IN THE last months of his life, Norwegian dictator Vidkun Quisling was confined to a small district above the capital Oslo.
The once mighty politician who nominally headed the government of Norway after the country was occupied by Nazi Germany during World War II , was put on trial during the legal purge in Norway after the conflict: he was found guilty of charges including embezzlement, murder and high treason against the Norwegian state.
His trial was held in a court house, which nowadays serves as a popular wedding reception venue and he was imprisoned – and later shot – at the Akershus Fortress which is just around the corner.
War Life has been to Oslo on the trail of Quisling, and finds that hardly anything has changed at the locations where he was convicted and stood against a wall and shot…
The trial of Quisling took place at the Gamle Logan.
Throughout history, this place, which in English means ‘The Old Log’ has been a focal point for small and big events.
Even as War Life visited, thestaff were preparing for a wedding dinner.
Today, the building boasts modern facilities which are united with old style and historic elegance.
But, it is in the main ballroom that the features remain unchanged after 70-years – this was the very room where Vidkin Qusling went on trail and fought for his life.
He was sat in a makeshift dock at the top left-hand corner of the room – as you can see from our photo, nothing has changed.
The trial opened on 20 August 1945.
Quisling’s defence rested on downplaying his unity with Germany and stressing that he had fought for total independence, something that seemed completely contrary to the recollections of many Norwegians.
After giving testimony in a number of other trials of Nasjonal Samling members, Quisling was executed by firing squad against the wall pictured below at the Akershus Fortress at 02:40 on 24 October 1945.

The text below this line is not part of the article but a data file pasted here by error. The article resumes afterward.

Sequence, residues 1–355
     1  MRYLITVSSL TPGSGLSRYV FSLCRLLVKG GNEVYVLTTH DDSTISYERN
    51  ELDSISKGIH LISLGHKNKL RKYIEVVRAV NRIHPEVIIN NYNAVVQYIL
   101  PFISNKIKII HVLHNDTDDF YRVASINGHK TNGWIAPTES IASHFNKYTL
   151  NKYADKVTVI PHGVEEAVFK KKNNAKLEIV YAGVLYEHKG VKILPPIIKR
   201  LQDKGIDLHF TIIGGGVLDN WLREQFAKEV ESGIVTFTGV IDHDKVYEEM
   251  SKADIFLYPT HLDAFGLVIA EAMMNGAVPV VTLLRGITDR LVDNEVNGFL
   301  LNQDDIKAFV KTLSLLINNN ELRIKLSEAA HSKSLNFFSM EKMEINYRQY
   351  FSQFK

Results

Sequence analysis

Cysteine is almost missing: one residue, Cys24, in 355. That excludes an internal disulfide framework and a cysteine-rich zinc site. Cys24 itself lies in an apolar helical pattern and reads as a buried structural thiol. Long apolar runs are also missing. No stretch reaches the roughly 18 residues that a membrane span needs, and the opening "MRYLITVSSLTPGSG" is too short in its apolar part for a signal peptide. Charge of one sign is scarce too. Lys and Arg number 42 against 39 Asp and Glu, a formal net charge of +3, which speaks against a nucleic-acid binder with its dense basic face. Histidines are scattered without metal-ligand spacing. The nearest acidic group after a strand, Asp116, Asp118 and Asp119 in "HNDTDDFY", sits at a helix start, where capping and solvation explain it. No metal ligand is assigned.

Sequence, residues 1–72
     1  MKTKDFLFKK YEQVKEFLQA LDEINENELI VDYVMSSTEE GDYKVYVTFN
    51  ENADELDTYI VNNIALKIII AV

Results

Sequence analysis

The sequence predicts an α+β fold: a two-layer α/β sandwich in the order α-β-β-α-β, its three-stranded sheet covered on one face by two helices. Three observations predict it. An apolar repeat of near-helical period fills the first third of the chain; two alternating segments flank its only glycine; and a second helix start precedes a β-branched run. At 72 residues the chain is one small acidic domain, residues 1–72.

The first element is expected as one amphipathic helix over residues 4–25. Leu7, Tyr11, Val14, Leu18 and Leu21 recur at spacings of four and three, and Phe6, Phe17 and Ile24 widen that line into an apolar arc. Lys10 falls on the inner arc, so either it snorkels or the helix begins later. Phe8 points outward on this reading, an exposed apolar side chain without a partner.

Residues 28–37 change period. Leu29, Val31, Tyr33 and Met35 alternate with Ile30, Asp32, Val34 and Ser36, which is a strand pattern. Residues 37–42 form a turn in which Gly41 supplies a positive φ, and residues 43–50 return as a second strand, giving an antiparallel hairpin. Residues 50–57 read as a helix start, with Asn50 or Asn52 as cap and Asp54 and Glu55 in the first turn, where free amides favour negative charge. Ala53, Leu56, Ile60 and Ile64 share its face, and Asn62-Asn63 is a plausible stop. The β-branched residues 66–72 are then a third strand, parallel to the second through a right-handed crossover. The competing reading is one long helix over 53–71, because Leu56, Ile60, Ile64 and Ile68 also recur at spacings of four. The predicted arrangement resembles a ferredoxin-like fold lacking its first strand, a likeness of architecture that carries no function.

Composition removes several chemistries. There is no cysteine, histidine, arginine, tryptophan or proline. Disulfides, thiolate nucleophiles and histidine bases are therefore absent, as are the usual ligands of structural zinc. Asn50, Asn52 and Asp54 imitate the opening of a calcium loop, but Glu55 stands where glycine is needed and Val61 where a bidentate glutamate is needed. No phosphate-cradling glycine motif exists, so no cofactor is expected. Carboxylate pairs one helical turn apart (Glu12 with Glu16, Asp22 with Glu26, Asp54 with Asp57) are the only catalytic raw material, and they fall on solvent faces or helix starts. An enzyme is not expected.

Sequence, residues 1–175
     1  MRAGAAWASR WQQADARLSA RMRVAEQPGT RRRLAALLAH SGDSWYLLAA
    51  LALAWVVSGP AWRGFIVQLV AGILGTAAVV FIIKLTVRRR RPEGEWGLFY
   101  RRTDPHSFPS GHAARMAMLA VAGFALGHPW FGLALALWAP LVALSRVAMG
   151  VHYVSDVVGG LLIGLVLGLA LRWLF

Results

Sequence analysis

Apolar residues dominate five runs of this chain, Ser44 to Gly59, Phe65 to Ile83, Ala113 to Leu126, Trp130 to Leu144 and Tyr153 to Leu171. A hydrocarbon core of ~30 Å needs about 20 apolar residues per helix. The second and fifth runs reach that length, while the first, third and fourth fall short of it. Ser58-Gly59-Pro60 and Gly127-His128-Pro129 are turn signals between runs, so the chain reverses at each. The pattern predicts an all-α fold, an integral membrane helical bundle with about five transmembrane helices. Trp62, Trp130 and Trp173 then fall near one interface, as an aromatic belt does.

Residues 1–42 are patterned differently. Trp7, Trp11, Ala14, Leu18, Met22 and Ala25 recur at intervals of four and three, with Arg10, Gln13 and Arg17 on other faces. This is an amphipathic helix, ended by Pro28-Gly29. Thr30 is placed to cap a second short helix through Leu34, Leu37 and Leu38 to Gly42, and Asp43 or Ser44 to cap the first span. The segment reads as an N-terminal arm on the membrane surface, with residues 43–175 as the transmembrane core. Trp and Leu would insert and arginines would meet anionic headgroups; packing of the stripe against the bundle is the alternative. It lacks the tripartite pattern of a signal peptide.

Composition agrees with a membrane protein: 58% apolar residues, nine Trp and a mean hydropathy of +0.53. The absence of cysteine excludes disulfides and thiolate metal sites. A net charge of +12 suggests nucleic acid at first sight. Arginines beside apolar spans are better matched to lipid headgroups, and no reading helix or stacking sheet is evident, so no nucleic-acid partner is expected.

The execution was described in detail in the book “Quisling: Prophet without honour” by Ralph Hewins:
He asked to be allowed to shake hands with the ten-man firing-squad. This was agreed. ‘Don’t allow your conscience to trouble you in later years,’ he said to the boys.
‘Not on my account. You are acting under orders and are only doing your duty as soldiers, like myself.’
His request to face the firing-squad un-blindfolded was refused. As they bound him to the stake, he played his last trick.
While being fixed to his cardboard outline on the stake, he brought his mathematical mind to bear and balanced his body like a statue so that it would remain standing when he was dead.
So it worked out, after six or seven bullets had struck his heart. He seemed to be still alive when the thongs were undone and the bandage was removed from his staring eyes.
The onlookers were aghast. Then his corpse was taken down to the Mollergaten 19 garage and put on view for all and sundry. Many ‘good Norwegians’ came to see that the prototype ‘quisling’ was really dead. For their benefit the covering was thrown back.
People prodded the body and made ribald remarks. Even in the grave the decencies were not observed.
When his ashes were returned to his widow many years later, and interred beside his beloved mother at Gjerpen in his native Telemark, his last resting-place was defiled.